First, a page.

GM Accused of Failing to Report Defect that Caused Six Fatalities

General Motors (GM) has been accused of delaying a recall on defective Pontiac G5 and Chevrolet Cobalt vehicles, which have been involved in at least six deaths over the past few years. The allegations are that GM knew about the defect since 2004, yet waited a decade to initiate a recall.

It was in 2004 when engineers performing test drives experienced problems with the engine unexpectedly shutting off. In 2005, a conclusion was reached as to the cause of the problem. It was determined that a defective ignition switch could be either shaken out of the “on” position or accidently bumped and turned off.

When this happens, the power steering is lost, in addition to braking assistance, and if the car is struck during this interim, the airbags will not deploy. It wasn’t until February 2014 that GM recalled about 778,000 of these vehicles.

The automaker acknowledges the defect was to blame for six fatalities. GM is now the subject of at least one lawsuit involving a woman killed in 2010. She was driving a 2005 Cobalt at the time of the accident.

Car Manufacturers and Responsibility to Report Safety-Related Defects

The National Highway Traffic Safety Administration (NHTSA) oversees vehicle safety standards. It mandates that once an automaker is aware of a safety-related defect — which means there’s an unreasonable risk of an accident causing injury or death — the problem must be reported to NHTSA within five days.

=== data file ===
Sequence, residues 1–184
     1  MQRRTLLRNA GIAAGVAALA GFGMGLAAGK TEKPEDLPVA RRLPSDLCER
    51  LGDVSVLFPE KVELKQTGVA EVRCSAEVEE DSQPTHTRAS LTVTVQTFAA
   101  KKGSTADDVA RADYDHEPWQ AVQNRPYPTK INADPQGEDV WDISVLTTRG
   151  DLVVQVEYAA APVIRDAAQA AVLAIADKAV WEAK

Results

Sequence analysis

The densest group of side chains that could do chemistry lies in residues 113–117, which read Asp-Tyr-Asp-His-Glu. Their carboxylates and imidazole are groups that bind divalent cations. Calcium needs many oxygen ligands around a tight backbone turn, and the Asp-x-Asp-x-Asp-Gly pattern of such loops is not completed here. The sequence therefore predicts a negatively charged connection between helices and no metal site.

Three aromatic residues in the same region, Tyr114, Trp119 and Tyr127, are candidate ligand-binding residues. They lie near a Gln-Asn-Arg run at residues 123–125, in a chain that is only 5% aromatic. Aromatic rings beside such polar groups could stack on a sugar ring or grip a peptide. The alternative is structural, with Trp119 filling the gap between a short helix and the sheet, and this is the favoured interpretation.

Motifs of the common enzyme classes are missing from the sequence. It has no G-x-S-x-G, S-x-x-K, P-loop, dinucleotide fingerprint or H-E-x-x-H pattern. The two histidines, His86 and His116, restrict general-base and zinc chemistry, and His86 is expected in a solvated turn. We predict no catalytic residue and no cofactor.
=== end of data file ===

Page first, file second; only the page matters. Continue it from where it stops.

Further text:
When there is a failure to do this, the manufacturer could end up paying millions in fines. In recent years, both Toyota and Ford have been penalized substantially for failing to report safety-related defects. Most recently, Toyota recalled 1.9 million Prius vehicles for defective software. 

There is also the potential for the automaker to be sued by victims or their families. If you or someone you love believes a defective vehicle or equipment is the cause of someone’s injuries or death, don’t hesitate to seek legal counsel with Gacovino, Lake & Associates.

It may be difficult to determine if a product defect was the cause of your loved one’s car accident, but if you feel the incident was out of the ordinary in any way, you may need to consult knowledgeable car accident and product defect attorneys: (800) 550-0000.

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